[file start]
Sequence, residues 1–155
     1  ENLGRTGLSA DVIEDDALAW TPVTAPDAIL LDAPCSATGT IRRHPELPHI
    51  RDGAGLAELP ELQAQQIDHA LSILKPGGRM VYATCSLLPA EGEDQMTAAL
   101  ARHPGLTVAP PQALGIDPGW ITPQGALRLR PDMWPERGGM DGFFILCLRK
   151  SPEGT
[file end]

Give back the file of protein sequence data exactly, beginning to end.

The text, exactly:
Sequence, residues 1–155
     1  ENLGRTGLSA DVIEDDALAW TPVTAPDAIL LDAPCSATGT IRRHPELPHI
    51  RDGAGLAELP ELQAQQIDHA LSILKPGGRM VYATCSLLPA EGEDQMTAAL
   101  ARHPGLTVAP PQALGIDPGW ITPQGALRLR PDMWPERGGM DGFFILCLRK
   151  SPEGT